I’m a Hugger: Hugs Are Incredible For Your Health

Growing up, I had terrible test anxiety. If I’m honest, I still get it. I got a form of it the night before I returned to work after maternity leave. My worst bouts of it were in grad school before exams and practicals. The evening before any event where I’ll be tested in some way, I always react in the same way: I can’t sleep. My heart rate skyrockets and my heart pounds so hard I can feel it all over my body. I toss and turn and think about everything that could go wrong. At some point during the night, I get up and clean, because it’s better than lying in bed not sleeping and I get something done. Eventually (maybe around 2-3 am) I exhaust myself enough to fall asleep. 

Like I said, I had this growing up, too. And here I am, admitting to the entire world and internet that even into high school I needed one of my parents to tuck me in and/or lie down beside me for me to be able to sleep on those nights before big exams (AP Calculus, I’m looking at you). 

Then, in the middle of grad school, I learned about something that has changed my life: hugs. 

Obviously I knew about hugs before I was 24 and in the middle of physical therapy school. Real talk: my family is a whole bunch of huggers. But I learned about the magic of hugs, or in scientific terms, deep pressure stimulation, in my child development/pediatrics class. 

We all learned about our senses at some point: hearing (auditory), seeing (vision), smelling (olfactory), tasting (gustatory), touch (tactile). We have a couple more: the sense of where your body is in space/how it’s moving (proprioception) and equilibrium (vestibular). We use all of these together to make sense of our surroundings; our nervous system does this via sensory integration. Because of sensory integration you can take in all these different inputs and use them to correctly understand your environment, and then respond appropriately to touching standing on a rocking boat (staying upright, not getting sick), paying attention to a conversation even in the midst of a loud bar, and, yes, even paying the correct amount of attention to exams.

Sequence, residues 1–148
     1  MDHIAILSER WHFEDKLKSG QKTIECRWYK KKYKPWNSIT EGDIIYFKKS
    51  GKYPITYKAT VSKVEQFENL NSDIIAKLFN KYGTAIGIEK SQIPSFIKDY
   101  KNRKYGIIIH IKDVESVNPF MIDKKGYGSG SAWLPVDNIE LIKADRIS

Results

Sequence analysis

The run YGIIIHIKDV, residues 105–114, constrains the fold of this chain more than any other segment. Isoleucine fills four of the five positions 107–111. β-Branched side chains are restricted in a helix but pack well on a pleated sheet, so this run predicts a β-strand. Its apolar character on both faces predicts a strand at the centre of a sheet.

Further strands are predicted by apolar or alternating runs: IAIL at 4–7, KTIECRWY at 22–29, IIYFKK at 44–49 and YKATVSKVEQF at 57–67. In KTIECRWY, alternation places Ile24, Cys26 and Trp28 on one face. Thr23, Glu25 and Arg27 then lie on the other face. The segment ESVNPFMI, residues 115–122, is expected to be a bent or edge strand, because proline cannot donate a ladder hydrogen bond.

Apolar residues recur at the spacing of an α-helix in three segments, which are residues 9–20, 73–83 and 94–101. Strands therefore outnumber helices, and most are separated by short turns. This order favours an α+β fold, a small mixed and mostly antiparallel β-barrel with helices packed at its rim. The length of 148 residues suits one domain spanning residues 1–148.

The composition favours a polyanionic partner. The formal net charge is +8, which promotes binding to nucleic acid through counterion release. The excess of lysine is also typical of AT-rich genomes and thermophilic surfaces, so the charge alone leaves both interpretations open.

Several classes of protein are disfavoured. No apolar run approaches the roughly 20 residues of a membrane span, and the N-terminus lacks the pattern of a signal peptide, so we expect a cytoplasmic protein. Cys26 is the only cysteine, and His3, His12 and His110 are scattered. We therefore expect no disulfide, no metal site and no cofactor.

When someone has trouble integrating sensations, they might respond with “sensory overload,” increased anxiety, and overall poor regulation of different body responses, such as increased heart rate, sweating, and poor sleeping patterns. Sound like what I described above? Yep, it sure does. It’s also what happens in individuals with a variety of diagnoses, including autism, ADHD, bipolar disorder, depression, and even dementia. 

Temple Grandin, an individual with autism who invented a HUGGING MACHINE for livestock to calm anxiety before being slaughtered; she applied the same idea and created a similar machine for individuals with autism.

The idea behind deep pressure is to increase the activity of the Parasympathetic Nervous System (some call this the “rest and digest” response) and decrease activity of the Sympathetic Nervous System (which produces the fight or flight response detailed above). This change in these opposing systems also causes a release of oxytocin, serotonin & dopamine (all the “happy” chemicals),  decreases the cortisol (stress hormone) produced, and decreases heart rate and blood pressure. In layman’s terms, hugs cause your body to produce more of the chemicals that make you happy… so this decreases anxiety, depression, and helps stabilize heart rate and blood pressure.

That’s not all, folks! 

Hugging can impact the way we cope with stress. Specifically, the more hug-type contact we have early on in life, the better we are able to cope as adults, found a study by Emory University.

So mamas, hug your babies! 

Along with this improved coping ability comes improved response to illness – a Carnegie Mellon University study in 2015 found that individuals who had more frequent hugs experienced decreased severity of symptoms of the cold virus. 

Hugging can also function similar to a massage. A massage therapist’s hands exerting deep pressure on your muscles helps you feel relaxed and can improve pain. A tight hug can produce similar results by increasing blood flow to soft tissues (muscle, fascia, skin), decreasing those aches and pains. 

Are you a hugger? Why or why not? Leave me a note below!

Hannah Haro
Hannah Haro, PT, DPT is a physical therapist, wife to Daniel and mom to Mina (2018). She was born and raised in a small northern Michigan town, is bilingual, helps run a soccer clinic for kids with disabilities, is a Christian, and a partner at the Austin Stone Community Church. Though Hannah currently works as a PT in a pro bono clinic at University of St Augustine, she has previously worked as a babysitter, downhill ski instructor, math teacher, barista, and health coach. She likes to say she is in the business of rehabilitation: of people, as a PT; and of homes, as she and her husband are now on renovations for house #4 in as many years. She also loves coffee and anything chocolate, enjoying the green spaces of Austin, and a really good sci fi/fantasy novel while curled under a blanket.


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